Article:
The female condom was invented by Dr. Lasse Hessel, a Danish physician in the 1980s.  The first generation FC1 female condom was made from polyurethane.  First introduced in the market in the nineties, the Femidom or female condom came at a time when people were waking up to the scary reality of AIDS.

Condoms are still considered a men's product.  At the global level the female condom was quick to catch people's attention, thanks to aggressive marketing techniques.  This product received mixed reviews from different quarters of the world.  Getting used to the idea of wearing a condom, for most women, was not worth the effort.  Slowly, in other countries, the Femidom made a difference in the lives of women who did not have a say in their sexual health before the product came into their lives.  Women were using it to protect themselves against partners who refused to wear condoms.

Most people are still unaware of female condom or do not have access to it.  Reports state that the demand though has come from unexpected quarters like developing countries where women felt empowered with choice to use protection.

The next version, FC2, was made from synthetic nitrile at a reduced cost.  The World Health organization (WHO) approved the FC2 for purchase by U.N.agencies in developing countries where the Femidom played a strong role in sex education programmes for women.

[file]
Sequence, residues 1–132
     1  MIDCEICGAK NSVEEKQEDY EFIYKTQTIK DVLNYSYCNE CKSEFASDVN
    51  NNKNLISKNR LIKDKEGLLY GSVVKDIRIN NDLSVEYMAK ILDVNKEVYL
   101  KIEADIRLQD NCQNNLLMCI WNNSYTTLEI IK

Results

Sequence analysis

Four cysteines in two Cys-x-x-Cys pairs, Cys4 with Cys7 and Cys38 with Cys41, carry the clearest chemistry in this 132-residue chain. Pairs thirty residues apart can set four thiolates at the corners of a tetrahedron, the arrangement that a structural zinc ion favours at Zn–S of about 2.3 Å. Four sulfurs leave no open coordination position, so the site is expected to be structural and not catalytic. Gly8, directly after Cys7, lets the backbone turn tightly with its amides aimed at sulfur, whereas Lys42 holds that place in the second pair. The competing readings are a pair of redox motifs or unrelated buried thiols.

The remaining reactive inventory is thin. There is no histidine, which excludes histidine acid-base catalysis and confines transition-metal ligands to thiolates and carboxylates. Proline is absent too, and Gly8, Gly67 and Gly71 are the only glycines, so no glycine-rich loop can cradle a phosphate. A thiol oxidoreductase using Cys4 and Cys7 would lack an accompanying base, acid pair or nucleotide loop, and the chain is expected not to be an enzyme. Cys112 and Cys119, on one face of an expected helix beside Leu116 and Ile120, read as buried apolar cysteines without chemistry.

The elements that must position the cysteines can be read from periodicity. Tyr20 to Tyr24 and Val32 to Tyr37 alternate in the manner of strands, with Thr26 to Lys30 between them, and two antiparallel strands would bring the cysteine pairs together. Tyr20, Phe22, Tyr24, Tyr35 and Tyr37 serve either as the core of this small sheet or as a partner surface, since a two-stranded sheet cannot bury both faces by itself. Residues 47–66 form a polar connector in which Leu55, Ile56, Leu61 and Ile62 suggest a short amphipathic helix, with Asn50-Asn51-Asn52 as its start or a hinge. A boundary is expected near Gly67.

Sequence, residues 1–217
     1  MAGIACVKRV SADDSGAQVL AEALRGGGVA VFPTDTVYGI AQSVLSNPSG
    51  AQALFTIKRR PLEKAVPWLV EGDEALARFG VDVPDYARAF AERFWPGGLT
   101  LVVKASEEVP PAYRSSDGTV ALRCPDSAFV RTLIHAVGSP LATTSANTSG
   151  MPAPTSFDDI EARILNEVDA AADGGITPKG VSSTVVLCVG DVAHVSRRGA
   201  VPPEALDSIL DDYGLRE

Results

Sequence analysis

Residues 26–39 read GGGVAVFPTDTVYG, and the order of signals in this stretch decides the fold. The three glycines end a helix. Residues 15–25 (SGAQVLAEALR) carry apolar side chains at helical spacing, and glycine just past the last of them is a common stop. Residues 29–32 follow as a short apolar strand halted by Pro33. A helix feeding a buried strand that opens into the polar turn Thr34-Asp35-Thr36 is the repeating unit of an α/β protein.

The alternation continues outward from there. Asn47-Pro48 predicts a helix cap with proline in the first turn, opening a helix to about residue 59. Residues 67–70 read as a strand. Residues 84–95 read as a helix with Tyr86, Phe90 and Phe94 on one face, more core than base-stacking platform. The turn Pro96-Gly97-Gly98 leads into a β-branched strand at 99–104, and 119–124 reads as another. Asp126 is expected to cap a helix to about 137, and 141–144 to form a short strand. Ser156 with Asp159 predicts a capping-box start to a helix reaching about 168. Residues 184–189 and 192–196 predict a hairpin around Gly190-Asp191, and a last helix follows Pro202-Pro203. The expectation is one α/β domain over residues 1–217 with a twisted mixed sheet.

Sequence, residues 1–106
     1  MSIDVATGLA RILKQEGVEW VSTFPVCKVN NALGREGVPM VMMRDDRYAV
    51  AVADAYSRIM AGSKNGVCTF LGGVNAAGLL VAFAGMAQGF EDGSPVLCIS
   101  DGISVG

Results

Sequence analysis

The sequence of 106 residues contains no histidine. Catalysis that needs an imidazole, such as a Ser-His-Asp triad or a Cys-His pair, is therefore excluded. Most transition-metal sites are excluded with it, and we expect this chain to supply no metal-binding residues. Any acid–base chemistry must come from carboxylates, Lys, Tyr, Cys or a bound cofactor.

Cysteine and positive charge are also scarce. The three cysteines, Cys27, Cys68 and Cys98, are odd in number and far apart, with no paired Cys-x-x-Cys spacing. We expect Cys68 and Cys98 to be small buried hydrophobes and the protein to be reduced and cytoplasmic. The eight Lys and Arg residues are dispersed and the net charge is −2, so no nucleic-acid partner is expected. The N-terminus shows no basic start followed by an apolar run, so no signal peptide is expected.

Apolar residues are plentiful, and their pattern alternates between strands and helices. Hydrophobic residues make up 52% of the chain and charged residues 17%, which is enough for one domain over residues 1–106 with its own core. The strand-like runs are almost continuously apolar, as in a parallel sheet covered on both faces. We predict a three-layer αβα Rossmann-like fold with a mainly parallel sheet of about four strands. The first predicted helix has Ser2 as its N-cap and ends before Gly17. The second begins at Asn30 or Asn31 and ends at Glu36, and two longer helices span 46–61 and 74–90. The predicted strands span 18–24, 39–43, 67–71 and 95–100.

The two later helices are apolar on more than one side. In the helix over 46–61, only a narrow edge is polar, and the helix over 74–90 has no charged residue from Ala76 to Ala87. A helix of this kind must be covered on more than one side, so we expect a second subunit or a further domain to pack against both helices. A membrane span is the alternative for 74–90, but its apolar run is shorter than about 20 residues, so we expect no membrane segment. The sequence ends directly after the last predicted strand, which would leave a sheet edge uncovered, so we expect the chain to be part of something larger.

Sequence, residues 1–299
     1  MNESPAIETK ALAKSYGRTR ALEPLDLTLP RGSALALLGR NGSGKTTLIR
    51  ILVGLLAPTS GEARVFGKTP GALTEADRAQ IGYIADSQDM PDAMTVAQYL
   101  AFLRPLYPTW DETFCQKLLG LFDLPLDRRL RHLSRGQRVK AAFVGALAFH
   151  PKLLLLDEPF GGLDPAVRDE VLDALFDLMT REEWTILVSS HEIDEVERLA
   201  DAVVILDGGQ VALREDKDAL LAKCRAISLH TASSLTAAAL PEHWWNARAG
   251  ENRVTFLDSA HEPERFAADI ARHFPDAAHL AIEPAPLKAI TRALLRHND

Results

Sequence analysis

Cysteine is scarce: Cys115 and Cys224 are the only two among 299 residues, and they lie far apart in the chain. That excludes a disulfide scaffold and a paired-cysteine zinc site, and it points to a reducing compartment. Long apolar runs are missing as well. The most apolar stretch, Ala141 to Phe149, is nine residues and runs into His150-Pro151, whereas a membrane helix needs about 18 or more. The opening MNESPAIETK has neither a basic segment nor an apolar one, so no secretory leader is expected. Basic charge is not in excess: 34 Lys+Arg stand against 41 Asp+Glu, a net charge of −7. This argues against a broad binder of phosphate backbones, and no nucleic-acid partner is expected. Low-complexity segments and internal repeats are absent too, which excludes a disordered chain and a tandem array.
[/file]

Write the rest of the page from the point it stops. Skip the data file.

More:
From an acceptability study conducted by Hindustan Latex Family Planning Promotion Trust (HLFPPT) in Andhra Pradesh, Kerala and Maharashtra, it was found that people were open to the idea of using female condom.  More than 90,000 female condoms were marketed in Andhra Pradesh through a social marketing programme in 2006.  The following year, a similar plan was executed in Andhra Pradesh, Karnataka, Tamil Nadu, Gujarat, Maharashtra and West Bengal.  In 2008, National AIDS Control Organization (NACO) decided to make female condom available to sex workers in Andhra Pradesh, Tamil Nadu, Maharashtra and West Bengal.  FC2 female condom gives women control and choice over their own sexual health as women can protect themselves when their partner does not want to use a male condom.  Women in urban and rural areas in India have not started using Femidom to complement already existing family planning and HIV/AIDS programming.

HLL has its female condom assembling facility at Cochin Special Economic Zone (CSE), Kakkanad.  "Currently the annual capacity of Kochi factory is 7.5 million pieces.  We will be adding another 25 million by the end of this year.  Apart from supplying female condoms to national programmes under the ministry of health and family welfare, we also export female condoms to be South Asian Association of Regional Co-operation (SAARC) markets", said Dr. M. Ayyappan.  "Female condoms have the potential to revolutionize safer sex for diverse populations.  They are also the only women - initiated method available today that offers dual protection from unintended pregnancy and sexually transmitted infections including HIV", Dr. Ayyappan explained.  Global female condom day is being observed on September 12 every year.  HLL produces female condom under the brand name "Velvet".

- PIB Features, with inputs from HLL Life Care Ltd., Thiruvananthapuram, a Public Sector undertaking under the Ministry of Health and Family Welfare, Govt. of India